On the surface, the rise of the autonomous car might appear to render human drivers a little superfluous in the development process. The reality of course is very different.
If you think about it, we’re at a fascinating historical junction. The whole history of the car, from the industrial revolution to the present has been driven by the desire to extend people’s mobility. That concept is deeply anchored in place so much so that it’s now taken for granted. The extension of mobility is no longer the sole selling point to new buyers.
So how do you engineer a brand feel when the car is partially or fully autonomous? It’s safe to say this is something the car manufacturers are already looking into. Historically manufacturers have anchored their brand identity on the way their vehicles drive, so the advent of autonomous car will either displace that paradigm or morph it into something new. It may be that our perception of brand identity will be different in future, but the human being will still be at the center of things.
As more and more ADAS systems become a reality, it becomes harder to predict how they will corrupt or enhance the pleasure of driving the car. And the only way you can answer that is with a human being. Over the last few decades, vehicle design has migrated toward a heavier reliance on model-based development, but in a sense we’re almost seeing a return to subjective testing.
In many instances the best way to carry out this testing is with a Driver-in-the-Loop simulator and as control shifts towards autonomy the fidelity required from the simulator goes up quite a bit. Even things that we might classify as human factors research can actually be influenced quite heavily by the vehicle’s dynamics. This is particularly true when you’re dealing with experienced test drivers, who have a very finely honed sense of what to expect from a ‘real’ car.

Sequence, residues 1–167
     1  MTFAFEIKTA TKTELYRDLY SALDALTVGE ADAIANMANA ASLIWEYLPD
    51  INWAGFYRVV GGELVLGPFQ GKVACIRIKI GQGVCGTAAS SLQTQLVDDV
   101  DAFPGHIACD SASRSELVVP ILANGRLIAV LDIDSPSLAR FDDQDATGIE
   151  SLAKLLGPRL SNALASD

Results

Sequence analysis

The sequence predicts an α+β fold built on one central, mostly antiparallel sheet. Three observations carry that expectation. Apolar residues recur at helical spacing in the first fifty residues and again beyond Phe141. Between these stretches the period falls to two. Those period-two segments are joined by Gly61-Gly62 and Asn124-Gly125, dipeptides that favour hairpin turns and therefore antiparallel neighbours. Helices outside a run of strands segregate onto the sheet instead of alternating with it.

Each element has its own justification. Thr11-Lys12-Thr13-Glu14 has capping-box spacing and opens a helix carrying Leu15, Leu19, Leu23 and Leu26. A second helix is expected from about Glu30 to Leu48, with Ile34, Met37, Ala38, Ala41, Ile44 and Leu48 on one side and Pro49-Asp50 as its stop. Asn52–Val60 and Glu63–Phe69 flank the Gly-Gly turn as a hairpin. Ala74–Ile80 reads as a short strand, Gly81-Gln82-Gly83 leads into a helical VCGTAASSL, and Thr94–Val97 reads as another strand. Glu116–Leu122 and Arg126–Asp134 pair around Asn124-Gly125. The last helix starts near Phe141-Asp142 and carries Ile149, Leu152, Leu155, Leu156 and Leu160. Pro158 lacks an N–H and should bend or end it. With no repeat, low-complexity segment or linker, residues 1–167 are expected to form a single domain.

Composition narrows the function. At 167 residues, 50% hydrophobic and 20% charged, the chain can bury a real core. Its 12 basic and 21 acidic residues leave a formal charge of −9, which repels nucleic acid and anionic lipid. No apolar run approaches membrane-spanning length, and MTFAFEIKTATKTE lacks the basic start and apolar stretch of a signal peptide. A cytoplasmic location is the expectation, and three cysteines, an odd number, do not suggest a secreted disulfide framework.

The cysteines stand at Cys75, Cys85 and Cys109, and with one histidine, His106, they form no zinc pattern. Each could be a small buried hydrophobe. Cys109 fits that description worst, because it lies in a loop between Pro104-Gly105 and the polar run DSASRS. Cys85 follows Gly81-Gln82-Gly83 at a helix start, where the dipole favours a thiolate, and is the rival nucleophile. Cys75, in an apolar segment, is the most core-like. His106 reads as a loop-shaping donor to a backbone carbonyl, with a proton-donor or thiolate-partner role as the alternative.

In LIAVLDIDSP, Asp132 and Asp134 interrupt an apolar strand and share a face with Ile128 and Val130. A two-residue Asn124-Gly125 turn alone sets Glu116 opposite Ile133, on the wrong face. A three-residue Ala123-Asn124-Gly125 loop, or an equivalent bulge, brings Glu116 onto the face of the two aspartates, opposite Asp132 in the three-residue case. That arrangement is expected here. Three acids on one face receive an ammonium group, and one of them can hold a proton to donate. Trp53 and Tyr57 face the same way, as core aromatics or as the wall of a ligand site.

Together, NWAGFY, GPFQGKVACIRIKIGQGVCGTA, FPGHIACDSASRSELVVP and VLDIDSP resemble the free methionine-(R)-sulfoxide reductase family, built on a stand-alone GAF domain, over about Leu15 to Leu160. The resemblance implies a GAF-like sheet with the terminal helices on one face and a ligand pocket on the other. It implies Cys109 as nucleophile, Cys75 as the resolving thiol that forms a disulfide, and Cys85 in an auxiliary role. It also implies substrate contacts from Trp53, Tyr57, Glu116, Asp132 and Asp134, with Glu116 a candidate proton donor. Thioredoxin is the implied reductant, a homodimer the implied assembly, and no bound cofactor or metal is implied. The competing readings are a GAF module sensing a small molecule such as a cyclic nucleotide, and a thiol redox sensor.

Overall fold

Ride comfort is an interesting area, because it’s at the far end of the scale in terms of subjective fidelity. All the inputs to your senses are weighted differently compared to other experiments. For instance, our perception of comfort can be strongly influenced by the audio characteristics of the vehicle.
We’ve done a lot of work in this area. The subtleties of cavity resonance and wind noise can all be modeled and injected into the simulator to provide a level of fidelity that hasn’t even been possible until relatively recently. There’s also the tactile experience of feeling movement and vibration from the seat and the steering wheel.
On a more fundamental level, you need exceptionally precise control of the motion platform to relay small changes in the ride behavior. This is a notoriously difficult aspect to model accurately in a simulator, but with sophisticated motion control, pus low levels of friction and inertia our engineering class simulators can provide a very close correlation to real-world data.
Ultimately, simulator testing will never completely replace real-world observations even if the cars themselves do become fully autonomous. Crucially though, they allow you to test much as possible in a laboratory environment rather than risking people and equipment in potentially dangerous situations. And as the automotive industry experiments with new ideas on ADAS systems and autonomous driving the need for authentic, subjective feedback will only increase.
6 June, 2016